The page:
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Protection in the digital age: Can collaboration strengthen cyber in Maryland?

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What does “cyber” really mean, and how can we marry the mission and the market to contribute meaningfully to Maryland’s influence in cyber technology?

Those were the questions at the heart of the Maryland Cybersecurity Roundtable co-hosted by the Cybersecurity Association of Maryland, Inc., the Maryland Department of Commerce and the Maryland Chamber of Commerce on Wednesday.

“Cyber links into so much more than technology that’s abstract to most people,” said Maryland Chamber of Commerce Executive Vice President Kelly Thompson Clark. “It pulls in everything from business to workforce development to education and more.”

Indeed, experts from energy, higher education, national security, and economic development organizations as well as chambers of commerce throughout the state, met to start outlining individual and statewide goals and objectives for cybersecurity.

Cyber is a complex industry, not only because of the technology and geopolitical implications, but also because it’s become two-pronged: a mission–to protect security from a geopolitical perspectiveand a market—to create jobs and construct educational curricula.

Somewhere in the programming, though, there’s an ironic disconnect.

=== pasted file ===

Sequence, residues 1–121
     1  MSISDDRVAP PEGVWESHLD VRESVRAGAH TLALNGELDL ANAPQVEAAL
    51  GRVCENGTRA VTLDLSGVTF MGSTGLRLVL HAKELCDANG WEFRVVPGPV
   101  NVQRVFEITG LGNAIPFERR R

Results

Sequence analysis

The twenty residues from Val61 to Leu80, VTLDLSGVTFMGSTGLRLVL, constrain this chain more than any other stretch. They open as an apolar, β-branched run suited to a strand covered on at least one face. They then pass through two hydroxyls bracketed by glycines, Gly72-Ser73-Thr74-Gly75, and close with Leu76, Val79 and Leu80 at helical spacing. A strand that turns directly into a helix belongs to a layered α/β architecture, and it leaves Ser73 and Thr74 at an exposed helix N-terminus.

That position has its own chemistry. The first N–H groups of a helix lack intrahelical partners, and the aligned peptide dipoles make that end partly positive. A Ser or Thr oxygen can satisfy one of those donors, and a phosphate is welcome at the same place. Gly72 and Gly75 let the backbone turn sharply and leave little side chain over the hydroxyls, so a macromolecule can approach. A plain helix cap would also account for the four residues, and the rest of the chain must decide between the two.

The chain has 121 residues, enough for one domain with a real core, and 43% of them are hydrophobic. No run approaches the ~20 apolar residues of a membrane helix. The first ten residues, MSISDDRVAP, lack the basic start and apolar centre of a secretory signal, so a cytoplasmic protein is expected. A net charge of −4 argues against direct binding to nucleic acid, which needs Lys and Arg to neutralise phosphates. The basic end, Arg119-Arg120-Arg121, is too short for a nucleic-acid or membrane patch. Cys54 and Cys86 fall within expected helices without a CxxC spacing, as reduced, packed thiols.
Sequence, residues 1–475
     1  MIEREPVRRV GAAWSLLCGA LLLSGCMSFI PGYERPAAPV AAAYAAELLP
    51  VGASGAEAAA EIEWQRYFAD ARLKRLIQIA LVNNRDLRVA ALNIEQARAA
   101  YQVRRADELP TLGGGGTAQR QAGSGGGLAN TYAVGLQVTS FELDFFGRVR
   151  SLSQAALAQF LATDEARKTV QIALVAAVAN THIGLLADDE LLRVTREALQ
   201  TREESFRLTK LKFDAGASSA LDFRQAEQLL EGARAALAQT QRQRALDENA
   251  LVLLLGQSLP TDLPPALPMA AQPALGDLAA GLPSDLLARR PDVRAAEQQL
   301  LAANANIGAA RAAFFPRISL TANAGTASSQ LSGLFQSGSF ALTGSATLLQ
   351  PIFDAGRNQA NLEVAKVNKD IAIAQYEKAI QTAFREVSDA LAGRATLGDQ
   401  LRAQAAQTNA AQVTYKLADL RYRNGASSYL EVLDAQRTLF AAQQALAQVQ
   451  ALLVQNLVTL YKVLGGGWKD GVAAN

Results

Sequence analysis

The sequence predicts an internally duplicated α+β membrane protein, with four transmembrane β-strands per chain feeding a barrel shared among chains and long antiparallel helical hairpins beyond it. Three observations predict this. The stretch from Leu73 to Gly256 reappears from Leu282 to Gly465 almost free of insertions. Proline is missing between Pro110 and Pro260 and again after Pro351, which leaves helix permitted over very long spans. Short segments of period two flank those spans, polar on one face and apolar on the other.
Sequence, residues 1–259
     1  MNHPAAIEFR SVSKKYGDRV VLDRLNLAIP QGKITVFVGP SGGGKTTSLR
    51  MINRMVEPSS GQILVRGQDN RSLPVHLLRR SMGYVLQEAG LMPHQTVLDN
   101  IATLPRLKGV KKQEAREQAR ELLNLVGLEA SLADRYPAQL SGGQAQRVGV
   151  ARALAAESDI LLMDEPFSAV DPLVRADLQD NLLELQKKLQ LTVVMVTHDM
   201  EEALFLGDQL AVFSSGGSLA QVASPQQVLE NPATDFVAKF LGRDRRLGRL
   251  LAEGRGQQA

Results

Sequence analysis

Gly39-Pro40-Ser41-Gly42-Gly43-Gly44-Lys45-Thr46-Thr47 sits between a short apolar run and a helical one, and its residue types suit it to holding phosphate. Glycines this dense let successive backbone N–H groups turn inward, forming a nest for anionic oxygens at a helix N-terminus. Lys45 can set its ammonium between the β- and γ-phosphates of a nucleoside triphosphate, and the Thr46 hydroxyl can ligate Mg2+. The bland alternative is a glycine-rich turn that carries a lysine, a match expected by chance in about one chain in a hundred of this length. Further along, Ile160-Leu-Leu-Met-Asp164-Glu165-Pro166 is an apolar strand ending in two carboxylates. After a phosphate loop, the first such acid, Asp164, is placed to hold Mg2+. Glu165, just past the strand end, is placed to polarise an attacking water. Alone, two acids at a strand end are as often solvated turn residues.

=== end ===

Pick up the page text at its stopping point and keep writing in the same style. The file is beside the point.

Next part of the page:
There are dozens of cybersecurity and national security agencies and companies in Maryland, many of which are under government contracts. CAMI Executive Director Stacey Smith pointed out that cybersecurity offers the highest earning employment opportunity in the state. The need for protection is high; some estimates project that global cybercrime costs will reach $6 trillion by 2021—double the cost in 2015.

But cyber firms say they can’t find potential employees with the skill sets they need, and some experts say that the competition within such a small state for relatively meager research, development and support funding is so fierce that Maryland is working against itself.

The roundtable brought up issues like the conflict between the information flood and the need for context and relevance; one firm’s hack is not like another’s, so the fix—and the firewall—can’t be the same. The group also discussed the difference between defending with cybertechnology and defending from cybertechnology, including legislation and regulations that sometimes make those things illegal.

With the strengths and experts already in the state, solution-focused collaboration and innovation is what will make Maryland attractive for cyber experts. The roundtable may have been a step in the right direction that the Chamber fully supports.

“The Maryland Chamber of Commerce is committed to convening leaders from around the state to establish common goals for creating a healthier economy, retaining quality jobs, and developing Marylanders’ careers so that Maryland is the most attractive state to live and work in,” said Maryland Chamber of Commerce President & CEO Christine Ross.

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